Scrapple (2005: Golan Levin) is an audiovisual installation and/or performance in which everyday objects placed on a table are interpreted as sound-producing marks in an “active score.” The Scrapple system scans a table surface as if it were a kind of music notation, producing music in real-time from any objects lying there. The installation makes use of a variety of playful forms; in particular, long flexible curves allow for the creation of variable melodies, while an assemblage of cloth shapes, small objects and wind-up toys yields ever-changing rhythms. Video projections on the Scrapple table transform the surface into a simple augmented reality, in which the objects placed by users are elaborated through luminous and explanatory graphics. The 3-meter long table produces a 4-second audio loop, allowing participants to experiment freely with tangible, interactive audiovisual composition. In the Scrapple installation, "the table is the score".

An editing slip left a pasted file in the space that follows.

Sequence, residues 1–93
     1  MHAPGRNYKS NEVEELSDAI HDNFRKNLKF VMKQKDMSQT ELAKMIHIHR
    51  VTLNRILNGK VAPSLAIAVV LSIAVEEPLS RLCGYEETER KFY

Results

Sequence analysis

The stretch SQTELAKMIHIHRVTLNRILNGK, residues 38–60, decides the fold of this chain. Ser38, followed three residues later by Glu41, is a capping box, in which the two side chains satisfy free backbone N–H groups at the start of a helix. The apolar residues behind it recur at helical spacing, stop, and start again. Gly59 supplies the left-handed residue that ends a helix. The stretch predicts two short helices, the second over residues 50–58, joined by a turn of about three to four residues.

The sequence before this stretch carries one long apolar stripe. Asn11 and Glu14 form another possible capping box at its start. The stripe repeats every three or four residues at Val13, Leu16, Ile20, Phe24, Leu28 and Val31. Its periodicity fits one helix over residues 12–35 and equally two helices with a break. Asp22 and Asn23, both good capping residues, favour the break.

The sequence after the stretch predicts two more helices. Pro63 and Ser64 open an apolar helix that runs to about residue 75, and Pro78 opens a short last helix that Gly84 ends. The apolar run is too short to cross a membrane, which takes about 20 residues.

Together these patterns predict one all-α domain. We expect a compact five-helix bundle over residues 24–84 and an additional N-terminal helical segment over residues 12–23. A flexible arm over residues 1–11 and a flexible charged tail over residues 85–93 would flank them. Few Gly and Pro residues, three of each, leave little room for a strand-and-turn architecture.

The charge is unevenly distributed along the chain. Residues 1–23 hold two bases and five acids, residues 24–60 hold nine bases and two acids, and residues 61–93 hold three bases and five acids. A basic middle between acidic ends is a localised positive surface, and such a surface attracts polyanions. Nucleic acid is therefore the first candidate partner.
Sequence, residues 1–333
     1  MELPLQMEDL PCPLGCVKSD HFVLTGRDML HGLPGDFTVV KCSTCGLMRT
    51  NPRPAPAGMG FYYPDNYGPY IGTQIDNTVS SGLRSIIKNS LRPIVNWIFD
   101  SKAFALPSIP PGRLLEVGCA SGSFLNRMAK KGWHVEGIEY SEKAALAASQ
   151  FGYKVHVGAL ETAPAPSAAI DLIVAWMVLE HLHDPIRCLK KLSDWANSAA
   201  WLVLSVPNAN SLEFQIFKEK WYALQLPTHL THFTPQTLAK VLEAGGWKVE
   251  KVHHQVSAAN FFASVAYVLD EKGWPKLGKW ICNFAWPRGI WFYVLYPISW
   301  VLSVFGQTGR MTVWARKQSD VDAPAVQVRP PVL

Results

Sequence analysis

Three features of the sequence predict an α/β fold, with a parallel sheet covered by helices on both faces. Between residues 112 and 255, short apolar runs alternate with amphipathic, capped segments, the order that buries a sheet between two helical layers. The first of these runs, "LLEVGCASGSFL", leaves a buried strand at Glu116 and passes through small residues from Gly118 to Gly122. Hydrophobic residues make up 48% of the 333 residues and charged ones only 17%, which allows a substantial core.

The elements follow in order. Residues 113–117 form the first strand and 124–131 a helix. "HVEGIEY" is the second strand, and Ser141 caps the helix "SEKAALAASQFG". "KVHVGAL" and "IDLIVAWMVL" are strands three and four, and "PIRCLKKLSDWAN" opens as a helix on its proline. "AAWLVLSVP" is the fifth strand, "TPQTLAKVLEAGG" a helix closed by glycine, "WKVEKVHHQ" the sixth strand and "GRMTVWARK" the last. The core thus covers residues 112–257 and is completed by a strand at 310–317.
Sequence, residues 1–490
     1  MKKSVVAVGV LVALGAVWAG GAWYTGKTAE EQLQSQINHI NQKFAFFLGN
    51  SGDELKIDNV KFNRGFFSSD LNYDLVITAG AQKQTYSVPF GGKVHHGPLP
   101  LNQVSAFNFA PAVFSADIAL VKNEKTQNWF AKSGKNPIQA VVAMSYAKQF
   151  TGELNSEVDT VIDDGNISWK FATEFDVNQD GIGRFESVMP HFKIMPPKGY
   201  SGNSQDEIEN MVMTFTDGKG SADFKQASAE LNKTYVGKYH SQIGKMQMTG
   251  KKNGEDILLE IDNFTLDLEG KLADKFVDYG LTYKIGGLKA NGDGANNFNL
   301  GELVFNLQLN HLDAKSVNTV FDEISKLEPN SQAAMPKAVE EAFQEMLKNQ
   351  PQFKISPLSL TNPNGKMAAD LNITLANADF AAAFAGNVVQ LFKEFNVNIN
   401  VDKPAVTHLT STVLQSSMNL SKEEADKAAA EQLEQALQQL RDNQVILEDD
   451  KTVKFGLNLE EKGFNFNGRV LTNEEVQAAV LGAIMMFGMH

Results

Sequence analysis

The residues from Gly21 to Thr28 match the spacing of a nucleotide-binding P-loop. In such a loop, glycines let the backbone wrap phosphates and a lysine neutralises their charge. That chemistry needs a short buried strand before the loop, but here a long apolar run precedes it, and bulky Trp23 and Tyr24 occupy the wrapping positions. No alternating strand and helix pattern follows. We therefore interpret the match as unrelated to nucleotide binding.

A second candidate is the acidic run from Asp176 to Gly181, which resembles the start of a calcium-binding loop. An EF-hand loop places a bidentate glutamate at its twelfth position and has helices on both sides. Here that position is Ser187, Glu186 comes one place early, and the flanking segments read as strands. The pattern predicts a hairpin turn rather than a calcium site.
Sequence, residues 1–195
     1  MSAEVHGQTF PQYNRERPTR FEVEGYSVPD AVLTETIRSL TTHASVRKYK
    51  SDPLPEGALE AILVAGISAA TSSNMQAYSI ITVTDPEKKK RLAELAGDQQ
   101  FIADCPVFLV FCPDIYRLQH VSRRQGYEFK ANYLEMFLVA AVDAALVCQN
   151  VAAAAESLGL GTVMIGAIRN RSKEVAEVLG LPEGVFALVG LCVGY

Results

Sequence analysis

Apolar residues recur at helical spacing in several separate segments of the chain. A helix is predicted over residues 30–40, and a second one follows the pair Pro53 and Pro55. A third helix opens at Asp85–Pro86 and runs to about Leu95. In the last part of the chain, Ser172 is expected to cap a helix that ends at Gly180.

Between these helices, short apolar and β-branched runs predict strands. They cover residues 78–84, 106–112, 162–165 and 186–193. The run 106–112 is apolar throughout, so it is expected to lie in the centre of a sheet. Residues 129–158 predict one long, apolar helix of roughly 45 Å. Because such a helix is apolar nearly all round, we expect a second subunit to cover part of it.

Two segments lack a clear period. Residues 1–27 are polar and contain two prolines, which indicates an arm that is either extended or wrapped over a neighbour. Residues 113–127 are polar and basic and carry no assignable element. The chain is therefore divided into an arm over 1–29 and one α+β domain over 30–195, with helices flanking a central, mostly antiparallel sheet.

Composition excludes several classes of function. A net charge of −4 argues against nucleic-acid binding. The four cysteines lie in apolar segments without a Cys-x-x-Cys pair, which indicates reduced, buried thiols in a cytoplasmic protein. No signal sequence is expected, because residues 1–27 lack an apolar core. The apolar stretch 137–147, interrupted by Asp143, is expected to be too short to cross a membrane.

Scrapple was developed in openFrameworks, and was created with support from the artist residency program of the Ars Electronica Futurelab. More information is available at flong.com/projects/scrapple/.